Main Content Anchor

What to do in court

Address the magistrate/judge

Address the magistrate or judge as ‘Your Honour’. Always stand and face the magistrate/judge when speaking or being spoken to. Speak slowly, clearly and loudly—courts can be noisy places.

You will be referred to as the ‘applicant’. The prosecutor will usually call your name. You should show the magistrate/judge you are there by walking up to the table in front of them. Do not be shy and do not hesitate. The magistrate will understand you are inexperienced.

The magistrate/judge will ask you to give evidence

When the magistrate/judge is ready to begin hearing your application, they will ask about your application. You will usually need to go into the witness stand with the original affidavit and your copy and ask the magistrate/judge if you can present the affidavit as evidence instead of telling the court your evidence.

Although there is no rule saying that you must provide an affidavit, most magistrates/judges prefer the evidence to be given by affidavit. The prosecution does not usually object to an affidavit being presented as evidence unless it contains something they think is not really evidence. If you do not use an affidavit, then you will have to stand up in court and tell the magistrate/judge your evidence.

When you present your affidavit as evidence, you must take an oath (promise) to tell the truth and then state the affidavit is still true.

The prosecutor may cross-examine you

Even when the prosecution does not oppose your application, you will probably be cross-examined. The prosecutor usually asks questions about:

  • the circumstances surrounding the offence which led to the disqualification such as accidents, why you drove etc
  • the patterns of behaviour that led to you committing the offence such as drinking or drug taking habits
  • what assurance you can give the court you will not drink or drug drive or do the things that led to the disqualification again.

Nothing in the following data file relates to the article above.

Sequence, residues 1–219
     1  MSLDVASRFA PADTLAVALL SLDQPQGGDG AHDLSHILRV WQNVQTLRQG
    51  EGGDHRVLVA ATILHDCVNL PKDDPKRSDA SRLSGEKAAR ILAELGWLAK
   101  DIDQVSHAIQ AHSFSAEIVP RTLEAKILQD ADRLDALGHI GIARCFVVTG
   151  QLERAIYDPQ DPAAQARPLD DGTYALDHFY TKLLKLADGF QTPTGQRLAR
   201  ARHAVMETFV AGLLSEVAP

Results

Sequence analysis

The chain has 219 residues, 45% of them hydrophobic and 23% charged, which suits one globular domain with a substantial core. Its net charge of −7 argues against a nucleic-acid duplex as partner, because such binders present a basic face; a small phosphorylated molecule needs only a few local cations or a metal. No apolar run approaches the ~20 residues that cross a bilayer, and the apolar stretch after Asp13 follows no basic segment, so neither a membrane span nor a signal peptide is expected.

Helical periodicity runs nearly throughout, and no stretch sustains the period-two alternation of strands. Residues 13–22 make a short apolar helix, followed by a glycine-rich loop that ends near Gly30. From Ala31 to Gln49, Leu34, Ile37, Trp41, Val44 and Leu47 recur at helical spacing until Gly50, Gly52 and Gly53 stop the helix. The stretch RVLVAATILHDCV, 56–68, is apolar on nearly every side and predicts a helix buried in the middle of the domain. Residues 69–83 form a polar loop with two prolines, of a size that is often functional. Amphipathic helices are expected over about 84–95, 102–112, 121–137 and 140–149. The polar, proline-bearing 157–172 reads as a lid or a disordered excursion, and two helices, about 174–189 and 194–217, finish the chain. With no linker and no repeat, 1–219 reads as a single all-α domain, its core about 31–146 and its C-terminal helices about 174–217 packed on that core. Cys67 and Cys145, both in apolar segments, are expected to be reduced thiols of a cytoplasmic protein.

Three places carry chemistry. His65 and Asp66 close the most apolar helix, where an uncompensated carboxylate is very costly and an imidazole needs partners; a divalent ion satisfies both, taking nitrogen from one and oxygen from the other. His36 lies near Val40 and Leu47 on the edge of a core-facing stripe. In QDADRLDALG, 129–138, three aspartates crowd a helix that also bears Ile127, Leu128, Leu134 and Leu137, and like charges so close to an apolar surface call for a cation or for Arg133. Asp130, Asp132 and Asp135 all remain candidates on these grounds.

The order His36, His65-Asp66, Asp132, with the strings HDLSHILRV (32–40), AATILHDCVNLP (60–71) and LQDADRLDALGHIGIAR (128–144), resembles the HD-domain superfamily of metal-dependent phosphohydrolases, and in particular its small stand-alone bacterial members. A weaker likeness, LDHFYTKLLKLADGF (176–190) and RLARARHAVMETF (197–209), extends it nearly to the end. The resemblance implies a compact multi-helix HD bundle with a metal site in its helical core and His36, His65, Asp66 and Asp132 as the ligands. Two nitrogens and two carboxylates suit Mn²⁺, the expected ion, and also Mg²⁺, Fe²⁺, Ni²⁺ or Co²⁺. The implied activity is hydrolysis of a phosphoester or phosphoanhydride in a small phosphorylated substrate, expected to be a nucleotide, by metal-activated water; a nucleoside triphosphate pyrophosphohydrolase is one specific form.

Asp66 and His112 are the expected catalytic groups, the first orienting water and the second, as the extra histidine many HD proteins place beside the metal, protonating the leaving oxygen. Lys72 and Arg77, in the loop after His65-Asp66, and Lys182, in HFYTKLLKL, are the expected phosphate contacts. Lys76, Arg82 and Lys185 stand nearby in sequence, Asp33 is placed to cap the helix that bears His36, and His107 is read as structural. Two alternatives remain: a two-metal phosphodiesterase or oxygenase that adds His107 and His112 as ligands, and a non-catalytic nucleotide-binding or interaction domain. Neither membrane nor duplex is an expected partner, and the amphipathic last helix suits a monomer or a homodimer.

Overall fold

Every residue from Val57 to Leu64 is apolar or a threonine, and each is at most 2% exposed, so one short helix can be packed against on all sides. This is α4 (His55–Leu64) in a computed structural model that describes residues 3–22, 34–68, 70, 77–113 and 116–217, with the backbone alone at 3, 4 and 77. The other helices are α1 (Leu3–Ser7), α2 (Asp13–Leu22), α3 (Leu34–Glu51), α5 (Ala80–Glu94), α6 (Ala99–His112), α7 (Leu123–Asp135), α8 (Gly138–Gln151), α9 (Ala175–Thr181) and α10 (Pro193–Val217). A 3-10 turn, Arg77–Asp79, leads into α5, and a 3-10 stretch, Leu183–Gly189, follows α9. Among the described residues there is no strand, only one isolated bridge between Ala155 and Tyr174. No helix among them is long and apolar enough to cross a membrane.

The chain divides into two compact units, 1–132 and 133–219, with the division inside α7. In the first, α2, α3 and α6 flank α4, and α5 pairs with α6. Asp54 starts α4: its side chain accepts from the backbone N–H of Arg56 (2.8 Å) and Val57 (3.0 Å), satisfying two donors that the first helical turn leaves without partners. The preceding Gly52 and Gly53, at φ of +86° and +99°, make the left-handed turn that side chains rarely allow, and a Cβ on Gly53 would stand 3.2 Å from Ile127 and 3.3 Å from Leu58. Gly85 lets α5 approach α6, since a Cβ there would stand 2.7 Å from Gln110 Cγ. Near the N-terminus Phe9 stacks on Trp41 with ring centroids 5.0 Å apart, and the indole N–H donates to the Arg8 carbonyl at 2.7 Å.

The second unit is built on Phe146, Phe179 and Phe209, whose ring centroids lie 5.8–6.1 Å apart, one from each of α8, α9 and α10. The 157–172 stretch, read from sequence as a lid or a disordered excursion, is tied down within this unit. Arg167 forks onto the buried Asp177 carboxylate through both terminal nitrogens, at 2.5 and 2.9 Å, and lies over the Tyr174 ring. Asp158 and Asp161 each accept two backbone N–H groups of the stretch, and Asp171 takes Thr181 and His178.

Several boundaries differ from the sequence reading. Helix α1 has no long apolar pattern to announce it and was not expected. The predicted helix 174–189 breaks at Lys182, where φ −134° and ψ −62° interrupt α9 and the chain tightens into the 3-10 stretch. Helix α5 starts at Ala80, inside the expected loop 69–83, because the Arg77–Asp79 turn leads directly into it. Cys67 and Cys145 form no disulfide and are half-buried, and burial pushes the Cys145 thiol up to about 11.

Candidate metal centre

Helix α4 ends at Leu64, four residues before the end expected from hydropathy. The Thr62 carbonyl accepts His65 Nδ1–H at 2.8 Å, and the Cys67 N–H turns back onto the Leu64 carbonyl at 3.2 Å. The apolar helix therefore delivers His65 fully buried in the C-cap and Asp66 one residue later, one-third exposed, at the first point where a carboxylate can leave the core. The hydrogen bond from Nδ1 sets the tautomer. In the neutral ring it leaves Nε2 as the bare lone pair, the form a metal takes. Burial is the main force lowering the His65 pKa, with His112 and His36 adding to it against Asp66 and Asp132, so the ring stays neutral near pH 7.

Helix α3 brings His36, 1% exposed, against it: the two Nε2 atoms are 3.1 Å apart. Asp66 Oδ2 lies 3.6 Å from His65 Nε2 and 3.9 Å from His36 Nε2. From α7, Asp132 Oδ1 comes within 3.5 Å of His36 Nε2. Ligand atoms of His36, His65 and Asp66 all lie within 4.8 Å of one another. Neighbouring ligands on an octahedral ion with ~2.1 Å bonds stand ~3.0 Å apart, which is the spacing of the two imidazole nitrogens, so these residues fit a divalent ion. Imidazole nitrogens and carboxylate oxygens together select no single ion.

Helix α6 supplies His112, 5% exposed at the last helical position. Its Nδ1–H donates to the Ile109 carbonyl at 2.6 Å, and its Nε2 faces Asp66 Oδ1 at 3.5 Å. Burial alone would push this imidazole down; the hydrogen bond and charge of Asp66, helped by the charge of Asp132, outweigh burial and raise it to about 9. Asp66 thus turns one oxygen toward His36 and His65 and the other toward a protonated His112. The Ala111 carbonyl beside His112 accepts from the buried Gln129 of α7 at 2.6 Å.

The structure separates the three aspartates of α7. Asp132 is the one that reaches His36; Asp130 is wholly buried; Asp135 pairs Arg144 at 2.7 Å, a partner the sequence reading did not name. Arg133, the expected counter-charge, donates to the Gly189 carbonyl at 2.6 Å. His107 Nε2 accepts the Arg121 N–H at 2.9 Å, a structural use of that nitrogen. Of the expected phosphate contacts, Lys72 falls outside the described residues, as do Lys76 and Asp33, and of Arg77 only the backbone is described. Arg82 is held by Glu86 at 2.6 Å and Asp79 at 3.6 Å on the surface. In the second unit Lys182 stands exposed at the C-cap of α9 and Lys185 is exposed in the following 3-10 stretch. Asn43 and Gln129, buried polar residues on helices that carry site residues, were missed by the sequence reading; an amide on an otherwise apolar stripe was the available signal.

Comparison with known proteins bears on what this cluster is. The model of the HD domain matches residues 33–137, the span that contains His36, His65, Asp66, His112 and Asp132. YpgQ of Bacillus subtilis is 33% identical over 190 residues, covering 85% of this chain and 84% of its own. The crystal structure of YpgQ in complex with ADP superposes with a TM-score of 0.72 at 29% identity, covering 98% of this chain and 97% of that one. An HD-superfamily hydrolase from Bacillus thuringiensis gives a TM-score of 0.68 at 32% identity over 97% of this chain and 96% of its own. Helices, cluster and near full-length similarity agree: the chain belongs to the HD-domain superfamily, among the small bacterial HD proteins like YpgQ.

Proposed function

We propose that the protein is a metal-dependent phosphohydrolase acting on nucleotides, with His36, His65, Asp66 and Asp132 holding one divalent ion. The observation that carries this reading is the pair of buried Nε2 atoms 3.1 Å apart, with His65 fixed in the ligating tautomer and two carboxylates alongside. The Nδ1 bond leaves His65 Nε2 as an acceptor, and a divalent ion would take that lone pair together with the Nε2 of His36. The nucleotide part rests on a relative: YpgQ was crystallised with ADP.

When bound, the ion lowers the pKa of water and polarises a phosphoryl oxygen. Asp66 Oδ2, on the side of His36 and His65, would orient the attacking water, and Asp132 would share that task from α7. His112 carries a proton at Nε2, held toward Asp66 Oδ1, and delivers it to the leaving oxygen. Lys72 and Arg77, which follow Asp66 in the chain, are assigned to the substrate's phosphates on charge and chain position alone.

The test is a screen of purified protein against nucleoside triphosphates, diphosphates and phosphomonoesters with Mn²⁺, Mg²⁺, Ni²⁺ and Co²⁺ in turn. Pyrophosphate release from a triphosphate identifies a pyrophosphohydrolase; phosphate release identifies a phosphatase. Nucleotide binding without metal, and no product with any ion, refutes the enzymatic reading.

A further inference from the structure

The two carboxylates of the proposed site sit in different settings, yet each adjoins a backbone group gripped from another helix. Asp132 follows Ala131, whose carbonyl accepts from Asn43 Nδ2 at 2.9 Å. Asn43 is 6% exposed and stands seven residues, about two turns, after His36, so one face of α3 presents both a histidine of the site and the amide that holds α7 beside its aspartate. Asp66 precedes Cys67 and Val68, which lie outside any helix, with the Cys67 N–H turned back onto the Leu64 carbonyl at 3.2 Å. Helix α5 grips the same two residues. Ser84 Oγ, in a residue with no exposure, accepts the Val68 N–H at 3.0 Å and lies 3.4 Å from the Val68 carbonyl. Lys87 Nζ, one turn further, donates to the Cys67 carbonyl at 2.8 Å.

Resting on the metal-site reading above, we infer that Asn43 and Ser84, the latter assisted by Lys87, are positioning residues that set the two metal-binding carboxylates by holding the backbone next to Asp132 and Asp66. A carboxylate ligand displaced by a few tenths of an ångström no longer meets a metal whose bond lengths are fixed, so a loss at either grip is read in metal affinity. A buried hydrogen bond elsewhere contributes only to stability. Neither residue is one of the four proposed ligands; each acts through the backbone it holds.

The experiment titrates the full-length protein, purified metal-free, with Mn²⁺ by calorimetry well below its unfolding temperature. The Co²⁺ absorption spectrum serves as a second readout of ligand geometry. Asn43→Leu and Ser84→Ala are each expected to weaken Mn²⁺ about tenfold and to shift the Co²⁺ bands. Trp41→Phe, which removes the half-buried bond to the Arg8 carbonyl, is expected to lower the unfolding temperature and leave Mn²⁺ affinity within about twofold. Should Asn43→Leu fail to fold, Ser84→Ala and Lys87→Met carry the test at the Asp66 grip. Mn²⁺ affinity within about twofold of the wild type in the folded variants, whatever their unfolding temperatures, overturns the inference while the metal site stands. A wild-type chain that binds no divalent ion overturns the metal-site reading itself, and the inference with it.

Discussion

Give extra information to the court

After you have finished giving evidence, the magistrate/judge may ask if you want to say anything more to support your application. If there is something you want to emphasise, then you should say so now, for example, that the application is not opposed (if this is the case) and that your behaviour since the disqualification date has been good.

Present any letter offering you employment, and character and employer references to the court. The prosecutor will be asked if they want to say anything about your application.

The magistrate/judge decides your application

The magistrate/judge will decide whether to grant your application to have your disqualification removed. If your application is granted, then the disqualification removal usually happens on the date it is granted. However, the court may grant the application but then decide to delay the order’s operation for a period.

Just because the disqualification is removed, it does not mean you can drive straight away. You must not drive until you have been given a driver licence.

If you also have been disqualified several times in Queensland in different courts (eg Magistrates Court and District Court) from holding a driver licence for more than two years, then you must apply separately to each of the courts to remove those disqualifications. If you have more than one disqualification in the same court, be sure to list all the disqualifications you are applying to have removed. You are not allowed to apply for a driver licence until all of your disqualifications are removed or the disqualification periods have ended.

Before you leave the court, make sure you get a copy of the order from the court clerk. You will need to produce it when you apply for your driver licence at a Department of Transport and Main Roads Customer Service Centre.

Remember, if the court refuses your application, you cannot apply again for at least 12 months after the refusal date.

If you are applying to remove your disqualification in the Magistrates Court, you do not need to read about the District or Supreme Court process. For information about how to apply for a driver licence, see Getting back on the road.

Last updated 21 April 2021

Back to top